South Africa exceeded national targets for new patients starting antiretroviral treatment (ART) by around 50% between 2007 and 2011 – achieving treatment coverage of close to 80% of eligible adults – according to new research carried out by Dr Leigh F Johnson, actuarial scientist at the University of Cape Town, published in the March issue of The Southern African Journal of Medicine.
From mid-2004 to mid-2011, the total numbers of people receiving ART increased from 47,500 (95% CI: 42,900 to 51,800) to 1.79 million people (95% CI: 1.65 to 1.93 million). The latter figure represents close to 80% of adult treatment coverage, according to eligibility criteria in use during this period (CD4 cell counts under 200 cells/mm3). Using current South African CD4 cell count eligibility criteria (under 350 cells/mm3), coverage achieved decreases to 52% (95% CI: 46-57%).
While the targets were still exceeded, children and men started ART at considerably lower ratios than women.
Women accounted for 61%, men 31% and children 8% of the total.
Effective HIV treatment significantly reduces illness and death resulting from HIV, as well as onward transmission of HIV. Evaluating the effectiveness of HIV treatment and prevention programmes requires monitoring access to ART.
Previous monitoring assessments have shown a dramatic increase in access to ART in South Africa. While these assessments have suggested South Africa was on track to meet the targets of its HIV & AIDS & STI National Strategic Plan 2007-2011 (the NSP), no formal assessment has been made, Dr Johnson adds.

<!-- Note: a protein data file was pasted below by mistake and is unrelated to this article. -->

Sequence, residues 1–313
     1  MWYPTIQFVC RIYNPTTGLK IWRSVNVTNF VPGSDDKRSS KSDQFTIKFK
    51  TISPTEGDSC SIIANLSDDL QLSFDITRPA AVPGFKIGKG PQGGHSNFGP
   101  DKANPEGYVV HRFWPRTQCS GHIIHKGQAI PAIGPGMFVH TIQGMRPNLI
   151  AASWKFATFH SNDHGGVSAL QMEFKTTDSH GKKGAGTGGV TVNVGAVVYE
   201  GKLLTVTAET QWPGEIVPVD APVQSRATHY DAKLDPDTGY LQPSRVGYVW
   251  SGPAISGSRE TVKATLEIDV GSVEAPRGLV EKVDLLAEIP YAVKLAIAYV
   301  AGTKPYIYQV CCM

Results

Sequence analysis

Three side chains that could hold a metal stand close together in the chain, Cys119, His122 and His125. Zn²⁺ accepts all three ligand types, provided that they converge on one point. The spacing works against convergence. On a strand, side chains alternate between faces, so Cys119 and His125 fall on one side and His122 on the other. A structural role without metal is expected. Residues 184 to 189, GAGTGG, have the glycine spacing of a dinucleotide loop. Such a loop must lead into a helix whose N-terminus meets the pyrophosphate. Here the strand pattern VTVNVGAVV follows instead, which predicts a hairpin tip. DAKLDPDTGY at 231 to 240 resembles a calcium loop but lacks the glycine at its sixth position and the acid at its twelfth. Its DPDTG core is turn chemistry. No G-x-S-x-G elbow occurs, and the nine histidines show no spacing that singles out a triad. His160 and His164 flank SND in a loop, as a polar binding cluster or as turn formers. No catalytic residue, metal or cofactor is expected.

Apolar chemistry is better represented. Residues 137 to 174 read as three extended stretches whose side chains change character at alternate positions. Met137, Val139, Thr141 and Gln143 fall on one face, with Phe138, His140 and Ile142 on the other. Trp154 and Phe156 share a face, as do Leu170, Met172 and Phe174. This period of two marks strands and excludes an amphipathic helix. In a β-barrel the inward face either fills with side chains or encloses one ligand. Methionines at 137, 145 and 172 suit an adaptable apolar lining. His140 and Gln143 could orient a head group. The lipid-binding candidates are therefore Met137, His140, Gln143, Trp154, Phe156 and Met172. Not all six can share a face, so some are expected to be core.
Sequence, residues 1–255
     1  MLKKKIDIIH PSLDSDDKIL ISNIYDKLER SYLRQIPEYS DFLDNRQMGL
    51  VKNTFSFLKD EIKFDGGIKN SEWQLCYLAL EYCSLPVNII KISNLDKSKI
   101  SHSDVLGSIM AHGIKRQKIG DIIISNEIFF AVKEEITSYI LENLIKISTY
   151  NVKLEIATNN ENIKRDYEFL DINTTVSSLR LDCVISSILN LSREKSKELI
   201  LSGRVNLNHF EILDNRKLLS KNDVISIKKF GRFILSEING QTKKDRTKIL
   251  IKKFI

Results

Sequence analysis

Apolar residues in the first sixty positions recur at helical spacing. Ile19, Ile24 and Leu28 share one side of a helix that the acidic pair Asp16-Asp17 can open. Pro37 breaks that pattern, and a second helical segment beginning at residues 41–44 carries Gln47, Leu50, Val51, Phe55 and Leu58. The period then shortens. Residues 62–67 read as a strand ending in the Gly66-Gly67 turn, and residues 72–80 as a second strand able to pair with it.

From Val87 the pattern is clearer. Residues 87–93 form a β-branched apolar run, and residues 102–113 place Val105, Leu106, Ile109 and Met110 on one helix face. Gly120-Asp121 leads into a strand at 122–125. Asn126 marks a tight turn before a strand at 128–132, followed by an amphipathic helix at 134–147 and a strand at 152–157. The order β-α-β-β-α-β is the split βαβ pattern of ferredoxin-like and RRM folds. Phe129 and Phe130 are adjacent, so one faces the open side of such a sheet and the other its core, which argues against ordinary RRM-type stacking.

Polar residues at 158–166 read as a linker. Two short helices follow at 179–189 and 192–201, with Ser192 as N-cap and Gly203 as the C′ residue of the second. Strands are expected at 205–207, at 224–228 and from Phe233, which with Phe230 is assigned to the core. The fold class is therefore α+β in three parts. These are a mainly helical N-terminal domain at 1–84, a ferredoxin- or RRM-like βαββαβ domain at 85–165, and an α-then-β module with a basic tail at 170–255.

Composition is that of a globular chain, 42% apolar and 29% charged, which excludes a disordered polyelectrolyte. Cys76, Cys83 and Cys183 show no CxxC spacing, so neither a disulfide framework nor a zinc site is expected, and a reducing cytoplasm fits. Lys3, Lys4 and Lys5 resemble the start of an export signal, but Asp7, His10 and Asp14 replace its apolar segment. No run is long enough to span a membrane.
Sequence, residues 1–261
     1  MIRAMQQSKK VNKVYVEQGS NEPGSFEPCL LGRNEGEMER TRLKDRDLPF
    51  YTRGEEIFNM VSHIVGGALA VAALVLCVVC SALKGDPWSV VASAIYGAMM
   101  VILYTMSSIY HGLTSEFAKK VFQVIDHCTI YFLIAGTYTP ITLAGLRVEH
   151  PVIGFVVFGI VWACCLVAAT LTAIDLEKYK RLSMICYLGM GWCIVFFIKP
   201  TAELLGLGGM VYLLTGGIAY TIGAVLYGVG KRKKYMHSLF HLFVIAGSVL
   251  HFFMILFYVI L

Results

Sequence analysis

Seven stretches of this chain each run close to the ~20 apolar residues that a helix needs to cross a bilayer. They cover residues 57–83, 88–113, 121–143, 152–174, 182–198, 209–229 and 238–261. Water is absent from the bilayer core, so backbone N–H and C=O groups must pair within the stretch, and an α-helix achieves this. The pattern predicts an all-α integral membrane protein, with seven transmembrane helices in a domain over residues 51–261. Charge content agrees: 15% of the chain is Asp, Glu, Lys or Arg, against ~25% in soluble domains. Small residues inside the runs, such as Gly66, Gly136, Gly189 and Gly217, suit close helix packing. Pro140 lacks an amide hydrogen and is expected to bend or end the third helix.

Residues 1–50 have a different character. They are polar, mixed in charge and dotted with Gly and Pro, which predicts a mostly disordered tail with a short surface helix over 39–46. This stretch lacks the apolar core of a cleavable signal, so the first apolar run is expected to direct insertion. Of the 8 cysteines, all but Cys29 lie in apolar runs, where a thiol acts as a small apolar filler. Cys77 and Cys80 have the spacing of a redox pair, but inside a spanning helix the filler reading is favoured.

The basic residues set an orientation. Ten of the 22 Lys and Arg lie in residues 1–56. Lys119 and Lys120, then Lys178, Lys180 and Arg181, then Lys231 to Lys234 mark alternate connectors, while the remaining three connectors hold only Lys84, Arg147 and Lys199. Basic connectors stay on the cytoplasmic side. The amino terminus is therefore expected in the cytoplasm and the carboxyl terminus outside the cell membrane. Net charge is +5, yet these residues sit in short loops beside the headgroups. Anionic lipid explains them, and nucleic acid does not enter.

Indeed, his study shows just how difficult it is to be certain about the exact level of ART coverage being achieved in South Africa. The study finds that the total number of people receiving treatment lies somewhere between 1.65 and 1.93 million – a variation of 300,000 people.
Dr Johnson cites the challenges associated with monitoring access to ART in South Africa:
Understanding public sector statistics is complicated by a change in reporting in late 2009 from cumulative numbers on ART to those starting ART.
There has been no routine collection, nor reporting, of statistics from disease management programmes or those run by non-governmental organisations (NGOs).
Information about age and gender is lacking; of particular concern since the rates of men starting ART may be lower than among women.
Uncertainties about how ‘treatment need’ is defined – the denominator used to estimate ART coverage. Mathematical models have been used to estimate numbers of HIV-positive individuals with CD4 counts below different thresholds. Yet the rates of CD4 cell count decline assumed in these models and how they may differ between populations are unclear.
Cross-sectional measures may not account for recent programme performance.
ART data were collected from public and private ART providers. Independent demographic project models were used to assess HIV incidence estimates. To estimate the numbers of adults needing ART, a model was developed to simulate population growth over time, HIV incidence and estimated rates of progression (through CD4 decline), and fitted to local CD4 and HIV prevalence data.